‘Finally, brethren, whatever things are true, whatever things are noble, whatever things are just, whatever things are pure, whatever things are lovely, whatever things are of good report, if there is any virtue and if there is anything praiseworthy—meditate on these things (Philippians 4:8).’
Can we picture in our mind the famous oil painting by Sir Edwin Henry Landseer entitled the Monarch of the Glen? If you are not familiar with *it, try to imagine a magnificent twelve pointer, royal stag, standing motionless upon a bracken covered knoll overlooking a Scottish glen. Acutely alert, the animal partially lifts his head and sniffs the moist air for scents. A morning mist rises from the vale below, and lively shower clouds partially mask craggy mountain peaks beyond. This splendid creature has the poise of a monarch surveying his domain. Without a doubt his stance is truly regal, but there’s not a hint of pride or haughtiness in him. Instead, his demeanour is that of a king who is both honourable and true. There’s nothing cowardly about him. On the contrary, he is strong, courageous and resolute.
My interpretation of Landseer’s masterpiece presents an image of a good and caring king who is of noble character.
The concept of nobility hearkens back to the times of the Crusader knights who fought for what they believed to be a righteous cause, i.e., the ousting of the followers of Islam from their occupation of the Holy Land. They were convinced they could accomplish this by inflicting upon them acts of violence and of murder. Today, this is called genocide.
Bound by a code of chivalry to defend the weak, the poor, widows and orphans, they set about their mission to slaughter the muslim menfolk, but time and again they failed to defeat their enemy. It was no wonder, because their barbarous acts were a complete contradiction to their avowed allegiance to Christ. They had what they believed to be noble aspirations, but they were deeply flawed and misguided.
The truly noble are admirably upright and of excellent character. They always place others before themselves.
Noble and Nobles
The words noble and nobles are found in both the Old and New Testaments – more so in the former – but what is fascinating is the large number of Hebraic and Greek words that are translated into English as noble and nobles. This points to the inadequacy of the English words when it comes to expressing the concepts of the original writers of the Bible. To complicate the matter their meanings in the Hebrew or Greek texts change according to where they are placed within the framework of what is being expressed.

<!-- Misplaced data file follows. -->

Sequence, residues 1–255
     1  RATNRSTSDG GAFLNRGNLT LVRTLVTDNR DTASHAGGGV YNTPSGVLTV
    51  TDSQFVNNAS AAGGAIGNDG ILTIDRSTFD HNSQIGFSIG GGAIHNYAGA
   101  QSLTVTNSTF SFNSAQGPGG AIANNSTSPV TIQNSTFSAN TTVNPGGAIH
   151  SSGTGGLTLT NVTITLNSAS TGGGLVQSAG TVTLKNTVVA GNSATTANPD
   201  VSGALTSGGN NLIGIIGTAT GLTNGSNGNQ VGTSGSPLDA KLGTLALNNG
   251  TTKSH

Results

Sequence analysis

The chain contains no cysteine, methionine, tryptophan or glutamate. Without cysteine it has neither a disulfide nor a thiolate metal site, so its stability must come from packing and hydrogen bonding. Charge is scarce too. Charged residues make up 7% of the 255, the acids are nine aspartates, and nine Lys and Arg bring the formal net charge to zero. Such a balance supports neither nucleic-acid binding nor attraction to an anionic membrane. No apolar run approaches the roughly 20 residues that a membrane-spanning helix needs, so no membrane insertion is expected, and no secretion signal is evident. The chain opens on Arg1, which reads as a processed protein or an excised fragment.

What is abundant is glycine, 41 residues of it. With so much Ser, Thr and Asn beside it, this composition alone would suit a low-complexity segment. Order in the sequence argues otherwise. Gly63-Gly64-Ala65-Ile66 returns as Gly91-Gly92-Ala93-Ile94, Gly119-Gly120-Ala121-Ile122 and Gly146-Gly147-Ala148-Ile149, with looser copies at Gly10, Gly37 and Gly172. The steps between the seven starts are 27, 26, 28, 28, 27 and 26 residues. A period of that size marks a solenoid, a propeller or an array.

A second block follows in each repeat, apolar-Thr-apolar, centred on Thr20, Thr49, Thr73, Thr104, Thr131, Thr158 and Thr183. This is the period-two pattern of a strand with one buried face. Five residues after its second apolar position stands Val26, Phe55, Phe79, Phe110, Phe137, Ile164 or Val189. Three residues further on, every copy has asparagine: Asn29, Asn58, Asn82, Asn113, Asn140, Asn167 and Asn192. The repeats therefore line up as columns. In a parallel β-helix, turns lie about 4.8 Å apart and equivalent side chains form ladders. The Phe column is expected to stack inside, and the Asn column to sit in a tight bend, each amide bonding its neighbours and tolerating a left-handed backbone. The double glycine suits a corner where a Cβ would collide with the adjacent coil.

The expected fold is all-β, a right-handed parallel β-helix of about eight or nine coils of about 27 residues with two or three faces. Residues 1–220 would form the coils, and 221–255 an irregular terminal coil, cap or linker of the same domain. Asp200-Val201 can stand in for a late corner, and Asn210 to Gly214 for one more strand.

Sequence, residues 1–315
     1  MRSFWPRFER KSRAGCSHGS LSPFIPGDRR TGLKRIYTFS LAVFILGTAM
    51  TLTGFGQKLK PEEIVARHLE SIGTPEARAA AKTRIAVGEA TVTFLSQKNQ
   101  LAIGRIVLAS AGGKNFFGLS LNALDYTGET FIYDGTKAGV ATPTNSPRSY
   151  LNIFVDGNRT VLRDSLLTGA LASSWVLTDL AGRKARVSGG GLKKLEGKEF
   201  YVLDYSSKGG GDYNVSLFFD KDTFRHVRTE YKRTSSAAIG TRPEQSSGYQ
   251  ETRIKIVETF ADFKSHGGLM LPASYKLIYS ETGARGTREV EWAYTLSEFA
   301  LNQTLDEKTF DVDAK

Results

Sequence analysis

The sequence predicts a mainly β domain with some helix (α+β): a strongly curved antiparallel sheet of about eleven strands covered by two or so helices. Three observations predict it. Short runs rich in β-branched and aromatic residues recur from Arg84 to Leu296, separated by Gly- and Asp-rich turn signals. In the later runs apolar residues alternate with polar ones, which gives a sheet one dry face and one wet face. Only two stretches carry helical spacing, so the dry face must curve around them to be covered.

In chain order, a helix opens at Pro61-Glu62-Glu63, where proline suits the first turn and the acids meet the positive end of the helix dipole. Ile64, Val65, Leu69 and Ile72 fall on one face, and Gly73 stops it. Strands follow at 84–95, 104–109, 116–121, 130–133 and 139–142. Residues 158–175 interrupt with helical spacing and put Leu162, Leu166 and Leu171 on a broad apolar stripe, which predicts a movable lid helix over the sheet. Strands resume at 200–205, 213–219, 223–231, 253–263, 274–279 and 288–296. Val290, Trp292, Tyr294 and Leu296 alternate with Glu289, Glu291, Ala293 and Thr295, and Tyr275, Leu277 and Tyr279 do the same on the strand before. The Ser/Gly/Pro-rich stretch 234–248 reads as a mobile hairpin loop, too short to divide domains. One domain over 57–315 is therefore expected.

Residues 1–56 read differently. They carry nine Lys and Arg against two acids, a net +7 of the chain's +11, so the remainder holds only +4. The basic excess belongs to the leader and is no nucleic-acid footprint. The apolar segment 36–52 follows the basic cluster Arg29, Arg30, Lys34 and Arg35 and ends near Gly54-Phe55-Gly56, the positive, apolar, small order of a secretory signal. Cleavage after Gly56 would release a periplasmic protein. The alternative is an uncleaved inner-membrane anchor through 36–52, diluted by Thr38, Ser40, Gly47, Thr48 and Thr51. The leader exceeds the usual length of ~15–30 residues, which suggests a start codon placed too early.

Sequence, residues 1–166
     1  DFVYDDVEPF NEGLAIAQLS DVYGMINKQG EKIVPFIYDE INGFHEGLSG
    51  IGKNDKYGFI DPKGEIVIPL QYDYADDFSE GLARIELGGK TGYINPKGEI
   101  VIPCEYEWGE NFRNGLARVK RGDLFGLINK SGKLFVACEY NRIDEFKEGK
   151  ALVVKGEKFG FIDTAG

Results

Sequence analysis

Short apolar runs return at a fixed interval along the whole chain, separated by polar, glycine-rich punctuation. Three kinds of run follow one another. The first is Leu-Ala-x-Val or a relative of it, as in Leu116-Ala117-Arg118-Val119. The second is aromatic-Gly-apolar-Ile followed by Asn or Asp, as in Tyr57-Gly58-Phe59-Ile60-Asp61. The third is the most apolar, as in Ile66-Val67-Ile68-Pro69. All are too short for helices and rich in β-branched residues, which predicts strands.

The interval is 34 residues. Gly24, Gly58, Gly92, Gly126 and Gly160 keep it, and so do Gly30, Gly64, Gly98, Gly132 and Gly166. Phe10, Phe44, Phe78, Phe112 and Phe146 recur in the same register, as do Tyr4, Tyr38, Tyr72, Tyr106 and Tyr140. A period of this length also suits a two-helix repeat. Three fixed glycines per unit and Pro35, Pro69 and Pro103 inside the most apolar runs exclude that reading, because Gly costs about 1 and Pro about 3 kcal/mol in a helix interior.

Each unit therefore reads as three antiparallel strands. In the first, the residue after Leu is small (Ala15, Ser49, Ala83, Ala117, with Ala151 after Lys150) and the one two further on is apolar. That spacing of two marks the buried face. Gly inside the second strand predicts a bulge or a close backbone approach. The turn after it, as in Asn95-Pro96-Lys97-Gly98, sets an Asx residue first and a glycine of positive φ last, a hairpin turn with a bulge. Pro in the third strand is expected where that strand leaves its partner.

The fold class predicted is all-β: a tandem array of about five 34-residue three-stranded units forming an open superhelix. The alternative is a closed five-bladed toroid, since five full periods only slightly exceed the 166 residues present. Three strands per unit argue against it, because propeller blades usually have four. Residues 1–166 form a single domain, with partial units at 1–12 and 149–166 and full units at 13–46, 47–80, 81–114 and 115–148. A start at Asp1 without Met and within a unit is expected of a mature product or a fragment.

Now, why does this matter? Because we fail to appreciate the subtleties of meanings expressed by the writers. We can have a rough idea, but if we are to understand more fully what the authors wanted to communicate, we must examine and get to the root of the actual words in their original languages.
At this point, you might sigh, and confess you are not professor of biblical Hebrew and Greek, and even if you were, you might ask yourself how much you would miss if you didn’t make the effort?
Let’s look at a couple of texts to judge for ourselves. Take for example:
Exodus 24:11 ‘But on the nobles of the children of Israel He did not lay His hand. So they saw God, and they ate and drank.’ [The meaning here is chief men.]
Judges 5:13 ‘“Then the survivors came down, the people against the nobles; The LORD came down for me against the mighty.”’ [These are powerful men of excellence; they are gallant and glorious.]
There are loads of other texts featuring the word nobles, but I’ll spare you from them. Instead I’ll set out some of their meanings:
Nobles can be people of high rank, pure and white; powerful, famous and worthy; chief princes; honourable captains; magnificent grandees, gallant warriors, and people of repute and renown.
In the New Testament we have the word nobleman:
Luke 19:12 ‘Therefore He said: “A certain nobleman went into a far country to receive for himself a kingdom and to return.’ [This describes a person who was well-born and of high rank.]
John 4:49 ‘The nobleman said to Him, “Sir, come down before my child dies!”’ [This person is a regal, preeminent citizen.]
We also have the word noble:
Acts 26:25 ‘But he said, “I am not mad, most noble Festus, but speak the words of truth and reason.’ [The adjective describes Festus as being: strong, honourable and excellent.]
1 Corinthians 1:26 ‘For you see your calling, brethren, that not many wise according to the flesh, not many mighty, not many noble, are called.’ (Here the word means: well born, and of high rank; those who are generous.]
James 2:7 ‘Do they not blaspheme that noble name by which you are called?’ [This describes Jesus as being: virtuous, distinguished, fair, goodly and honest.]
Philippians 4:8 ‘Finally, brethren, whatever things are true, whatever things are noble, whatever things are just, whatever things are pure, whatever things are lovely, whatever things are of good report, if there is any virtue and if there is anything praiseworthy—meditate on these things.’ [Here it means: venerable, honourable and honest.]
If you are to get the most out of your Bible, you should go the extra mile (Matthew 5:41) and get hold of an online **app that gives you the meanings of the original biblical words. You won’t regret it, for God’s Word will enrich your fellowship with Him and with His people.
*The Monarch of the Glen Painting
**Greek Interlinear Bible
**Hebrew Interlinear Bible